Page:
LONELY THE BRAVE for ‘What If You Fall In’
TELLISON for ‘Wrecker’

The first key fact here is that Lonely The Brave’s ‘What If You Fall In’ spent longer on the singles chart in 2016 than did any other record. The song peaked at No 7 but spent 23 weeks on the chart. The highest singles peak for any of these songs is Black Foxxes, who reached No 5 with ‘Whatever Lets You Cope’ (the song is still in the Top 10). But there may be two better examples of pure hard rock in the post hardcore excellence of ‘Glass Built Castles’ and ‘Snake Eyes’. Both deliver the kind of hard rock that I really like – rock with melodic tunes and decent singing, rather than shouty old rubbish. The outsider of the field is Tellison’s ‘Wrecker’, well constructed, slow building and grungey.


HAELOS for ‘Pray’
PHORIA for ‘Loss’
SCHOOL OF SEVEN BELLS for ‘Open Your Eyes’
SNOW GHOSTS for ‘Vetiver’

This was a dance based award in the past, but the prevalence of electro has overtaken the category this year. The best dance act on the planet, bar none are clearly The Chainsmokers, and they duly garner a nomination via their biggest hit ‘Roses’. We have discussed ‘Pray’ before, ‘Loss’ was a superb, seven minute centrepoint for Phoria’s superb debut album ‘Volition’ and ‘Vetiver’ was a strong enough song to propel Snow Ghosts’ debut album ‘ A Wrecking’ into the chart and all the way to No 1. But the big favourite here is ‘Open Your Eyes’, a hauntingly beautiful tribute to School of Seven Bells and the late, much missed Ben Curtis.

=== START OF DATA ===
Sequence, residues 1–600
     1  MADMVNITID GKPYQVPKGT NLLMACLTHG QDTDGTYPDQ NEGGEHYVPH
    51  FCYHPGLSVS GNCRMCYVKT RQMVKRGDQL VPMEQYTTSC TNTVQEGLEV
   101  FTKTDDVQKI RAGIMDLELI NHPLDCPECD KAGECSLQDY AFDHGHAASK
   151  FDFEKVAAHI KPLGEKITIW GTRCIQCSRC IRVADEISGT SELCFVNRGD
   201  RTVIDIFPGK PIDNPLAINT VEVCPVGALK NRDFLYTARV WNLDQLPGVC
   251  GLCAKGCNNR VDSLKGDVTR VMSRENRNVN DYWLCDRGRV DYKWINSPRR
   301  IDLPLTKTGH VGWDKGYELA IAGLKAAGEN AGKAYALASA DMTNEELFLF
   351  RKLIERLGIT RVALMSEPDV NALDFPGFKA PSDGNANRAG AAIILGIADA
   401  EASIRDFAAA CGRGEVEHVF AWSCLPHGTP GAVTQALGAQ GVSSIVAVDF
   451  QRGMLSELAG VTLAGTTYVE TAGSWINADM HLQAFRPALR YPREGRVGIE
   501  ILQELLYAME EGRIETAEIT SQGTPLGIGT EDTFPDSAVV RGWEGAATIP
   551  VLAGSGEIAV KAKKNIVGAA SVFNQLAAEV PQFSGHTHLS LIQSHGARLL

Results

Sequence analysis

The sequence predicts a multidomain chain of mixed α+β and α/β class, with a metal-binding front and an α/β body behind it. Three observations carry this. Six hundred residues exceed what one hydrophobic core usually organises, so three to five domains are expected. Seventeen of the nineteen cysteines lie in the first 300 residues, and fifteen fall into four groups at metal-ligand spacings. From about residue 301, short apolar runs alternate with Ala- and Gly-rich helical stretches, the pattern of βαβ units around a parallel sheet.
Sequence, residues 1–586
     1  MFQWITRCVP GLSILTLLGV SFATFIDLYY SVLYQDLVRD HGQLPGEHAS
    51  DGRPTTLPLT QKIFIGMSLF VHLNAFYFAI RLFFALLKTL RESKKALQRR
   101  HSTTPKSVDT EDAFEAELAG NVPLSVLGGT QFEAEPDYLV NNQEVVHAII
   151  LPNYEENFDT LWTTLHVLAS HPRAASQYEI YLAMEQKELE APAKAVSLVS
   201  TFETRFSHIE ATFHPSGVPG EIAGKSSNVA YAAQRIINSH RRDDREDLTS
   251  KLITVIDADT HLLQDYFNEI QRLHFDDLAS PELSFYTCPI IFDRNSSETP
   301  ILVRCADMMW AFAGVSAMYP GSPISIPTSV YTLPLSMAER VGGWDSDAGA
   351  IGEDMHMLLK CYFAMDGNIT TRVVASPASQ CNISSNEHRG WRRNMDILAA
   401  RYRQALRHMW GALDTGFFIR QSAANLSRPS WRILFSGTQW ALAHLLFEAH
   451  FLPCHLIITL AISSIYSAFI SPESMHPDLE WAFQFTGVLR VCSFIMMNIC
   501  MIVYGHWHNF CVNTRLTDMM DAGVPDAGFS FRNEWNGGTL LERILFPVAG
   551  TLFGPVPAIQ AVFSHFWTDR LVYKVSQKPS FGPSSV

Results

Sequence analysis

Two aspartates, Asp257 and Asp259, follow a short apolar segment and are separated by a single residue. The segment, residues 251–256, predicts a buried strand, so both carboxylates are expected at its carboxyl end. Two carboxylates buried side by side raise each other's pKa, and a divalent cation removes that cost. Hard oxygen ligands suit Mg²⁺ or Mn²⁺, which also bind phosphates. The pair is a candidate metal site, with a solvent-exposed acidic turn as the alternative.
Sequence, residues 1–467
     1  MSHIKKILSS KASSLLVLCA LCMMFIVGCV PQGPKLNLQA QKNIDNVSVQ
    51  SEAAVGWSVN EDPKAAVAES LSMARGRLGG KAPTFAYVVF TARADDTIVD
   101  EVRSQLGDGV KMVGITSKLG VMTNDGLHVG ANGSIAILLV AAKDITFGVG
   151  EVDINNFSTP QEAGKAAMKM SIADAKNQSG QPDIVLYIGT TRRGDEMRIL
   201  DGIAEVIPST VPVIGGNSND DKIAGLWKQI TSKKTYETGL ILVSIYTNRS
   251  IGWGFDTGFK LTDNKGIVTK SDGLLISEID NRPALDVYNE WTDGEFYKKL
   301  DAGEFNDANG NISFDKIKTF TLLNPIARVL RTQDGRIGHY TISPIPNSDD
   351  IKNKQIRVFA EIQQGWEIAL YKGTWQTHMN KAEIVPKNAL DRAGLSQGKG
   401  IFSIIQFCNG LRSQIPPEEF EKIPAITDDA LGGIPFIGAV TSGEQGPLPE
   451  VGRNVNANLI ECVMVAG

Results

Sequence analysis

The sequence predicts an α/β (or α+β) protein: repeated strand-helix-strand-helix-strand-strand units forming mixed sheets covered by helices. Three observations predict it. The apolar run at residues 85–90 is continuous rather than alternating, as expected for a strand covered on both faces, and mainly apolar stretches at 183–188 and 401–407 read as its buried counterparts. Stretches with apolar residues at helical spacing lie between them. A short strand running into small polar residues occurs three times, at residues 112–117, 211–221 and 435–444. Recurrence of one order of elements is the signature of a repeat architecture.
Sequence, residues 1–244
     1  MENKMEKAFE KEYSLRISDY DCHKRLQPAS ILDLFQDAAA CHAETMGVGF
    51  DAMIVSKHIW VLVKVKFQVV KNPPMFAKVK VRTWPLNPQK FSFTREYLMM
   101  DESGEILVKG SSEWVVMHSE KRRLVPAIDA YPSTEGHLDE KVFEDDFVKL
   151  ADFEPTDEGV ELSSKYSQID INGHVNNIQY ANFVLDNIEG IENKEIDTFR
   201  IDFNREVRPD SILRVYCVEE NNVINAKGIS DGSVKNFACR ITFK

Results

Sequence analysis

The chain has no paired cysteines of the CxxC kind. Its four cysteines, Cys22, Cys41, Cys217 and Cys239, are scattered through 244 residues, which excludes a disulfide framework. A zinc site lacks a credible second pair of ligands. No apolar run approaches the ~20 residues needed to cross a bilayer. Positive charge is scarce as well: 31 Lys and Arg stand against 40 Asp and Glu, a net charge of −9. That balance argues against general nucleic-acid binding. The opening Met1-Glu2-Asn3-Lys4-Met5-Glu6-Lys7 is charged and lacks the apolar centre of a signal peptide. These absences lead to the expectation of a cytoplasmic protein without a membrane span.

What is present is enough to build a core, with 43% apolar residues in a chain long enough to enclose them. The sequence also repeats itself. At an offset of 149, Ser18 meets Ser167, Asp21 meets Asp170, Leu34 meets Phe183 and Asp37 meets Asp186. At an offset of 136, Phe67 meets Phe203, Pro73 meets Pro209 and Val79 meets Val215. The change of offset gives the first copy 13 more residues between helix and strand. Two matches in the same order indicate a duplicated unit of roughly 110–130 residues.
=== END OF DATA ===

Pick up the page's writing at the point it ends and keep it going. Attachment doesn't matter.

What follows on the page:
I always find this a difficult award to give – as generally male singers do not cross my radar much at all. You will all know that female singers (and bands with female singers) tend to be much more my interest. So the chart achievements of this group of artists are not that strong. I often use the album test to decide who to give the artist awards to (her very successful album ‘The Pinkprint’ was the main reason why Nicki Minaj beat Laurel to the Best Female Artist award last year) – and on that basis, David Bowie’s No 1 album with ‘Blackstar’ must give him a strong chance. Aside from the obvious emotion associated with his death earlier this year. Other nominees with strong chart showings are Jamie T (‘Trick’ peaking at No 3 in the album chart) and Jack Garratt (‘Phase’ reaching No 8). But maybe the favourites are new men on the scene Gnash and Ed Harcourt. Gnash did not release an album, but had by far the most successful single of this group with the massive No 2 hit ‘I Hate U I Love U’, while Harcourt has a No 4 album in ‘Furnaces’ and a Top 20 single in the title track under his belt.